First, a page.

Insurers may be sanguine because they appear to have won the first round in their post-Katrina battle with Congress over repeal of an exemption to federal antitrust laws contained in the 1945 McCarran-Ferguson Act.

When Leahy first introduced legislation to repeal the exemption in February — with Lott and Majority Leader Harry Reid (D-Nev.) as co-sponsors — NAMIC set up a war room to mount a full-scale assault against the measure.

The industry argues the legislation would actually hurt small insurers by driving them out of business if they aren’t allowed to share loss data. Insurers say it would not directly affect large insurers like State Farm that can rely on their own statistics. They produced various academic papers to support their position.

“They were scared,” Hunter said. “They worked hard on it. They ginned up all kinds of phony reports.”

“I think the very strong opposition of the insurance companies was enough to convince [Lott] not to push too hard.”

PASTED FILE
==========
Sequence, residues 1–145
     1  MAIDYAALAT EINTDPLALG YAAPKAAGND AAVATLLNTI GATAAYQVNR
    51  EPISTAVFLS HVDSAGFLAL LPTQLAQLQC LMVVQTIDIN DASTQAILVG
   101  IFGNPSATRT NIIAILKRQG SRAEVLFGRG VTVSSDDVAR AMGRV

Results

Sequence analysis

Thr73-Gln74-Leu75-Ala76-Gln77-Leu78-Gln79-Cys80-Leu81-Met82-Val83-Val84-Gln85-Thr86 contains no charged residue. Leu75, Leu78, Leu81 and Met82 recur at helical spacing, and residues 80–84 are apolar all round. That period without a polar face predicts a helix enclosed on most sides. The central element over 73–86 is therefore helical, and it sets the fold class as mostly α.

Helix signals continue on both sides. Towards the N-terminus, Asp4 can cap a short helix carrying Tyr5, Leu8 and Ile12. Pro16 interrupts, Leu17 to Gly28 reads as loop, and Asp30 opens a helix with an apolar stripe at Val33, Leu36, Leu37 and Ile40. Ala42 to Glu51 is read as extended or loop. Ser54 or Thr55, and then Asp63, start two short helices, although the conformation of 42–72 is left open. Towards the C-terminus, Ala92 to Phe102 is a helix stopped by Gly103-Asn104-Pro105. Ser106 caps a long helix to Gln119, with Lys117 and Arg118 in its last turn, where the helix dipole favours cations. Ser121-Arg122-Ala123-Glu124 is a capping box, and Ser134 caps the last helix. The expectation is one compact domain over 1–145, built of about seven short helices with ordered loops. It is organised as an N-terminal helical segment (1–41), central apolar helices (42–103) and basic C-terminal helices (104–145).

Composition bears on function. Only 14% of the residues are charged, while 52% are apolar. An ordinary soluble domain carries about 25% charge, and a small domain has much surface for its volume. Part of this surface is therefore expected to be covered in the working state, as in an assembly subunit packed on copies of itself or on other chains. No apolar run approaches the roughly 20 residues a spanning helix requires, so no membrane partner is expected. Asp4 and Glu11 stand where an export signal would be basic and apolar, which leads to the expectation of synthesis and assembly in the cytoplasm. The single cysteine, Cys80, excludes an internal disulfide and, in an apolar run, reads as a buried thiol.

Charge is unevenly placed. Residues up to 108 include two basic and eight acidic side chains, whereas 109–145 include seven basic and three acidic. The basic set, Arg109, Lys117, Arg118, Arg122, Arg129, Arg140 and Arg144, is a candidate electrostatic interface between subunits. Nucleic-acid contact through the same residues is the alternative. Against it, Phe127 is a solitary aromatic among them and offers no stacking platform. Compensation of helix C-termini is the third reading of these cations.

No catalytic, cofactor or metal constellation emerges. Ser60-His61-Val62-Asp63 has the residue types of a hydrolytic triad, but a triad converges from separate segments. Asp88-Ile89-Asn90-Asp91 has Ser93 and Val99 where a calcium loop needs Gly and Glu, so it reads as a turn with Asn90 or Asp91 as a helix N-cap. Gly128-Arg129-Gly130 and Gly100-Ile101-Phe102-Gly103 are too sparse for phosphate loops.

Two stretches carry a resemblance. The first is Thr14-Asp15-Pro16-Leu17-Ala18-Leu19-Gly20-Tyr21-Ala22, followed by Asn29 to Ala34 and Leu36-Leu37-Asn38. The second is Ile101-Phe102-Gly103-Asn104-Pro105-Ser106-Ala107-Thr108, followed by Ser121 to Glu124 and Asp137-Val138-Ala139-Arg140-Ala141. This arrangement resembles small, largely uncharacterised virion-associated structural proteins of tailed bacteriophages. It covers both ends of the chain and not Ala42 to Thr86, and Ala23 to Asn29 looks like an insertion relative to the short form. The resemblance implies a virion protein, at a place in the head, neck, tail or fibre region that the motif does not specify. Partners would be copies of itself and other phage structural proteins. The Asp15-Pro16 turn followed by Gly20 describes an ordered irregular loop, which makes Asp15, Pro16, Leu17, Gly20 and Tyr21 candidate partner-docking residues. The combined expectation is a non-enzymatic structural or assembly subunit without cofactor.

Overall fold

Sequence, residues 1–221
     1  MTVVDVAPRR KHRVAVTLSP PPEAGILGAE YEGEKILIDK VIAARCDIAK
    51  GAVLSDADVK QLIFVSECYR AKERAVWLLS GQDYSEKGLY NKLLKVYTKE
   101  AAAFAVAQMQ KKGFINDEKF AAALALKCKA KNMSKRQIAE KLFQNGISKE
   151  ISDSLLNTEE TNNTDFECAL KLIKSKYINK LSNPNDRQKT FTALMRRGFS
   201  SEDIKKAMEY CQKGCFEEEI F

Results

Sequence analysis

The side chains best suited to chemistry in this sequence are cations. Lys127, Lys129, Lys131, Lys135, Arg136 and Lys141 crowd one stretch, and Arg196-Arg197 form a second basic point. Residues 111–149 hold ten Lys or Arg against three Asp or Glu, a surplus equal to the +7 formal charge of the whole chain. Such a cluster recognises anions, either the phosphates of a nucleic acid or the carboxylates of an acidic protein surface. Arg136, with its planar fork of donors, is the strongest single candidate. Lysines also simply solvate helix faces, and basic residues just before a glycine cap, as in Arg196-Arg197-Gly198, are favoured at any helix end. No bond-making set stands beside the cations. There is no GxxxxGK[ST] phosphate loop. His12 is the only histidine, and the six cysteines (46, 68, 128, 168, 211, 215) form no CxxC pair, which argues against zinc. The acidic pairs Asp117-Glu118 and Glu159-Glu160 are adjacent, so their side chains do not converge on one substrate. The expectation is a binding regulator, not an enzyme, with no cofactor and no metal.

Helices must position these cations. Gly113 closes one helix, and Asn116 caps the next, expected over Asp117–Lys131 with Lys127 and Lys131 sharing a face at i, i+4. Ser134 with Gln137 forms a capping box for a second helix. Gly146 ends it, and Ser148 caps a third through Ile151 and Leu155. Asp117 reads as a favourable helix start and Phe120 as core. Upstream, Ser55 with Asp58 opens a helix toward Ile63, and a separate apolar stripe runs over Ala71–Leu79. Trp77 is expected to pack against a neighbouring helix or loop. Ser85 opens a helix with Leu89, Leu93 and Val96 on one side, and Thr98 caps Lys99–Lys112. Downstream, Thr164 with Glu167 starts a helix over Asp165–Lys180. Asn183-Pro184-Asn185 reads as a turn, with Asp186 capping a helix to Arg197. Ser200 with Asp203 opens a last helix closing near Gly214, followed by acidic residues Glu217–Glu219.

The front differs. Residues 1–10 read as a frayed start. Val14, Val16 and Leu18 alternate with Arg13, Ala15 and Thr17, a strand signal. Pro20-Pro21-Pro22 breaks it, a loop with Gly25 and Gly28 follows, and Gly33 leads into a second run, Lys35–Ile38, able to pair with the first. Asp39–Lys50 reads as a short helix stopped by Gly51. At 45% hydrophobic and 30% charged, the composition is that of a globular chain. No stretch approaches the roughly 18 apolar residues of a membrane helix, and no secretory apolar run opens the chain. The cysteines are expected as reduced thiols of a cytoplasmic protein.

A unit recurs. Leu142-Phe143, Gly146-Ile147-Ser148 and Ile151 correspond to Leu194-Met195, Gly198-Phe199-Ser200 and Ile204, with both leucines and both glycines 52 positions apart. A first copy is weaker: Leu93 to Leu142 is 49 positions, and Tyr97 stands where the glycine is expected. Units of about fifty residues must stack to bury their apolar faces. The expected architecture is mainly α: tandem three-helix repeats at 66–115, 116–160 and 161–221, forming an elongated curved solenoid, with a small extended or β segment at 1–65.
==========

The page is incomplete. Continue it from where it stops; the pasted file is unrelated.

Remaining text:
Leahy’s committee held a March 7 hearing on the antitrust exemption, at which Lott testified. But since then, the bill has stalled.

According to sources familiar with the issue, Lott and Leahy recently spoke about moving the antitrust bill after Lott’s departure. The sources pointed to the bill’s co-sponsors, including Reid, as evidence that the measure was far from dead.

There is no word on Lott’s other bills stuck in the Commerce Committee since April.

The Senate Banking Committee approved a measure to reform federal flood insurance in October. But the measure excluded House language to add coverage for wind damage, which several Gulf Coast lawmakers support.

Lott’s spokesman said he still is trying to decide what approach is best.

But Taylor, Lott’s friend in the House who sponsored that chamber’s flood bill, is worried the Senator’s departure will hurt the cause.

“Although our State’s delegation in Congress will remain very strong and effective, Senator Lott’s retirement will have a significant impact,” he said in a statement. “You simply can’t replace that kind of experience overnight.”